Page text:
When Handmade is not your thing…

I get it.  Handmade may not be you “thing”.  Maybe you lack the space, the time, the talent (although I doubt it)…my goal is certainly not to make everything I give and so sometimes it feels right to give something someone else has made.  This city I live in has no shortage of fantastic artisans and craft fairs.  With the rise of Etsy, there is a whole world of handmade at your fingertips!  Here are some of my favourite handmade things that I didn’t have to find time to make myself:

1.   Handcrafted knitting needles:

knittingneedles I picked these gorgeous needles up at the Squam Art Fair in NH this summer and they are destined for a very special knitter in my life.  You can find more treasures made by the maker Cynthis Ellis at Wood By C.

2.  A whimsical print by Fig Design:

fig designThis one caught my eye as the perfect gift for my new nephew.  It captures a dreamy sort of boyhood adventure one might have especially if you’re a boy growing up in Newfoundland.

3.  These endearing and quirky lockets from the Black Apple:

bear dance locket

maskedgirllocket

I bought these last year for my girls (if anyone remembers Lil’S and her “bat/mask” phase, you’ll know which one was hers).

4. Hammered Feather Cuff Bangle:

featherbracelet

These beauties are handmade with love – it says so right on the website!  I was lucky enough to receive the brass bangle as a gift and I do love wearing it.  Check out Salvage Jewelry Co. to find more gems made from deconstructed vintage jewelry that have been reinvented by designer Brandy Olley, to create inspired, modern pieces.

5.  A vintage inspired headband or hair piece:

jasminandolive

Mrs. Iverson was the lucky one to receive a headband by Jasmin and Olive for her birthday.  These hair adornments and headbands look fantastic on people of any age.  Simple and gorgeous.

Where are you favourite places to shop for handmade gifts?

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My favourite handmades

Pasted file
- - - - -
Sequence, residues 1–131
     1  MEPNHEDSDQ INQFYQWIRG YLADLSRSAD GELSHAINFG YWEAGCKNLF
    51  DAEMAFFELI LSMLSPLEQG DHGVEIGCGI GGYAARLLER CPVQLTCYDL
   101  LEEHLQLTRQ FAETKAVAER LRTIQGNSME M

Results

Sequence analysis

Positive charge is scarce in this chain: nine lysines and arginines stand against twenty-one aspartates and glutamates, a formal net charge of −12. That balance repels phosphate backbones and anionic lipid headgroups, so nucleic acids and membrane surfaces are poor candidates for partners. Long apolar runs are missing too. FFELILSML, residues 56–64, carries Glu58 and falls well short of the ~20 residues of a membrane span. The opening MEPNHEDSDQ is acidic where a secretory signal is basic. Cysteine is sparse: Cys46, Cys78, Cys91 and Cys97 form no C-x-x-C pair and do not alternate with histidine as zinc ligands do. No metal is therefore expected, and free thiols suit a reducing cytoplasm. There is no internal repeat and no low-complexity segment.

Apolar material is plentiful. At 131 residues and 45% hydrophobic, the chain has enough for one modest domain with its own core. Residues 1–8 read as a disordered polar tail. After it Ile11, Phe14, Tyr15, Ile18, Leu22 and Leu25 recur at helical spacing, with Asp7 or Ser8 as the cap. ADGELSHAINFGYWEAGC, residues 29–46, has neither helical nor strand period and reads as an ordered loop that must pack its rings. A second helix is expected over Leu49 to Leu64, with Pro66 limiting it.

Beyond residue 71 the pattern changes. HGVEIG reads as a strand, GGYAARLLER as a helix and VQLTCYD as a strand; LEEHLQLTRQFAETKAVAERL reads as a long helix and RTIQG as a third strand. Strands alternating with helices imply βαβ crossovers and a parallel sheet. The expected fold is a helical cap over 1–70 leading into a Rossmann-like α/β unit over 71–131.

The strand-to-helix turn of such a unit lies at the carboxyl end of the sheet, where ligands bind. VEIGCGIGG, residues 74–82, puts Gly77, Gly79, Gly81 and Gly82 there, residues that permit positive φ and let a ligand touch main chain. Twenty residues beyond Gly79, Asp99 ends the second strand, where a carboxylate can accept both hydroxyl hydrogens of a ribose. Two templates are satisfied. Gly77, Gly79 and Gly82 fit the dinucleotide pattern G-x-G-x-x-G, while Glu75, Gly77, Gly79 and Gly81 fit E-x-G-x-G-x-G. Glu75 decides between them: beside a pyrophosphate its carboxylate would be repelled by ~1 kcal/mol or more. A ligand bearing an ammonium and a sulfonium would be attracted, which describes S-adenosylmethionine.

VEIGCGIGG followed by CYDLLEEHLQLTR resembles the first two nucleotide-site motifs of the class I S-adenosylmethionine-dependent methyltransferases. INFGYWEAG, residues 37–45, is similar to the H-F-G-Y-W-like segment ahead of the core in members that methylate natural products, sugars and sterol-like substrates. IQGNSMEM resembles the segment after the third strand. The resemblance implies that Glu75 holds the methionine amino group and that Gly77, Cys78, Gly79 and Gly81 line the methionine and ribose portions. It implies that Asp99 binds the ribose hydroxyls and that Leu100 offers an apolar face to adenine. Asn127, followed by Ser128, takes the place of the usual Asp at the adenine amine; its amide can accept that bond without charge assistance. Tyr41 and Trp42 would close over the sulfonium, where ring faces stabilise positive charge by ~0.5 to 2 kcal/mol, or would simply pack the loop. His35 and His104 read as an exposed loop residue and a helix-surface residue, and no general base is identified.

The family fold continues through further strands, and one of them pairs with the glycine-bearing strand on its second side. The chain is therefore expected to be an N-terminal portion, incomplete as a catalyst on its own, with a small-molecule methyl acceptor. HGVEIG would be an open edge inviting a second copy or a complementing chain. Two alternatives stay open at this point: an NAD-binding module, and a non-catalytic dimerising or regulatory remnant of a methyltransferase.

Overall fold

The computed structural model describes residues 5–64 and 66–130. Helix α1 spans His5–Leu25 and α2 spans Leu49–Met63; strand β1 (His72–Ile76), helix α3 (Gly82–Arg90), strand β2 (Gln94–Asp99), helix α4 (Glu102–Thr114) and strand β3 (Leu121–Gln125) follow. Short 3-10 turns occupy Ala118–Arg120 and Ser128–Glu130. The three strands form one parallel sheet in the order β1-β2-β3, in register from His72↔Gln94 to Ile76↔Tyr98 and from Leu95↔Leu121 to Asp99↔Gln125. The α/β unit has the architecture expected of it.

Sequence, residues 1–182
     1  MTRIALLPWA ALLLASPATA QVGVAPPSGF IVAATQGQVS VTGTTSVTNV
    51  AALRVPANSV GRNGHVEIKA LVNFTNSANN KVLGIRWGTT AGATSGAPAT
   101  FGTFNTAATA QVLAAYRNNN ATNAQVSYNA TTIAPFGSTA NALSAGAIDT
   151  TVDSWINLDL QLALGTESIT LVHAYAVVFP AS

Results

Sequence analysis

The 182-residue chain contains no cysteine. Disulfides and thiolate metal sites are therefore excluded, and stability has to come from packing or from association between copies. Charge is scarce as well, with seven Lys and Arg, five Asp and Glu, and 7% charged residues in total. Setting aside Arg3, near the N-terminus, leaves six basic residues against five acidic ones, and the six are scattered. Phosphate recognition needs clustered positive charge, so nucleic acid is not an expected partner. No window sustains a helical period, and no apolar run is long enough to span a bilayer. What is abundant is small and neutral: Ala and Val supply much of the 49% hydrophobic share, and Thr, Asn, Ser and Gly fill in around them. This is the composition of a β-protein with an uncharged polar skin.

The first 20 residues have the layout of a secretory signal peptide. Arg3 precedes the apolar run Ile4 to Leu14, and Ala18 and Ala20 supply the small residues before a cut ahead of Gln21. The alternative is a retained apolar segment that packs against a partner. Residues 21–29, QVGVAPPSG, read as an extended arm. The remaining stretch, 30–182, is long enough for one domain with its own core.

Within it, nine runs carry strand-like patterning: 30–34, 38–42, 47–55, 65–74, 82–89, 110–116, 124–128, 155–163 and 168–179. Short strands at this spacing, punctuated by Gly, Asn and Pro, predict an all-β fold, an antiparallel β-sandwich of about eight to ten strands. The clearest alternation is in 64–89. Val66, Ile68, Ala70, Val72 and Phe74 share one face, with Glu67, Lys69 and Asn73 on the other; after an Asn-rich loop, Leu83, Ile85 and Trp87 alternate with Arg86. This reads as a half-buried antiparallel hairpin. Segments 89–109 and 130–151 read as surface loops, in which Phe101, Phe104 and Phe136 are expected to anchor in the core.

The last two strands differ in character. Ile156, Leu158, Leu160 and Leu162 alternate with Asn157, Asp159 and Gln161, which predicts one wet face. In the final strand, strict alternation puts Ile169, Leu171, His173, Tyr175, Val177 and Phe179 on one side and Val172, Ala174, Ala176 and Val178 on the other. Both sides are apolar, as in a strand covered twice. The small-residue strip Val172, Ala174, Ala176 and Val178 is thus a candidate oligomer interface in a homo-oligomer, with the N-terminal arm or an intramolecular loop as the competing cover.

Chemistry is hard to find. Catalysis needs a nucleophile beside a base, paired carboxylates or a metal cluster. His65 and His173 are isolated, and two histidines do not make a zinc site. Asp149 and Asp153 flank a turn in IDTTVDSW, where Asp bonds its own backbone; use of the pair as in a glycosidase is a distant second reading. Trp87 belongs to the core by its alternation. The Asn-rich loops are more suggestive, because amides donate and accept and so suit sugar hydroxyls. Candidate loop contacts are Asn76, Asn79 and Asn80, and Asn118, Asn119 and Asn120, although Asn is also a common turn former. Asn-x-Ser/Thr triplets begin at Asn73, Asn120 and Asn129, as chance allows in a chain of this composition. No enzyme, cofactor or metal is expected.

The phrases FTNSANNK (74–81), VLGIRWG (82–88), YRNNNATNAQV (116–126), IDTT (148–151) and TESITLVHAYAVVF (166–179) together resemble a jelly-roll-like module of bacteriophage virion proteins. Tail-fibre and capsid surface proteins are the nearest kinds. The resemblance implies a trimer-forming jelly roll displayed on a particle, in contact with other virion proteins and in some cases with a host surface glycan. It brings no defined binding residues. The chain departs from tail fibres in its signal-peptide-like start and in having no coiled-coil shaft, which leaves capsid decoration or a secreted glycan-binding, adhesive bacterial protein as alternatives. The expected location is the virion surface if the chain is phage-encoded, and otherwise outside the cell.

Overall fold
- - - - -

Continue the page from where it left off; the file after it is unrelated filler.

I love handmade things, I do.  And so I thought I’d share some of my favourite gifts to make in case someone out there needed some inspiration.

1.  A fishing basket:

fishing basket 2

This one is as easy as drawing a fish template and tracing it onto some scraps of felt.  I embroidered some details on these ones and then decided to also make them “counting fish”.  Notice the orange one has one bead, the purple has two, the green has three etc.  Next, find a stick, tie some garden twine to it and secure a round magnet to the other end.  Each fish has a metal washer in its “mouth”.  Super easy and fun.  Then find a basket and some blue fabric for the water and pack them up!

fishing basket

2.  Wee Wonderful Dolls:

Lumina

This one I made for Lil’S a few Solstices ago.  We called her Lumina and still can’t get over her hair!  I love it!

joy

This one I named Joy and she was destined for my my niece on the east coast.  I actually made her outfit and shoes whereas with Lumina I stole the clothing off of another doll’s back (there wasn’t enough time!).  Making these dolls was so simple.  I really barely knew what to do with my sewing machine at the time.  I ordered and then downloaded a PDF from Wee Wonderfuls which included instructions for three darling dolls and their clothes for only $15.

3. French Press Slippers

french press slippers

Now these little lovelies I must confess I did not gift…they were for me!  Oh and how I adore them!  Actually I still can’t believe that I made these.  You can download the PDF pattern here.  And for $7.50 it is a steal.  I’ve been knitting up a number of these in some pretty funky colours for Christmas presents.  Now all I need is a trip to the laundromat to felt them in a top loader…

4.  A Scandinavian Inspired Felt bag:

Scandinavian Felt Bag

This will probably be the hardest gift for me to wrap up and give.  I have wanted one for myself ever since I saw it on the cover of Scandinavian Needlecraft.  It took me forever to source the thicker felt.  In the end I bought the synthetic felt from Fabricland but I would have loved real wool felt.  One day I’ll find a source (and if you have one that ships to Canada please let me know!).  The bag was super easy to make but it did put a sizable dent into my embroidery thread stash.

5. A Knitted Snake:

snake

The snake you see on the right is one I made for Solstice a few years back. “Snakey” as he is known has been well loved as you can see.  The skinny unfinished guy on the left will be gifted away this season.  The pattern can be found in the book, Knitted Toys.  I love this book and have made a number of their knitted dolls and animals.

6.  Even more slippers: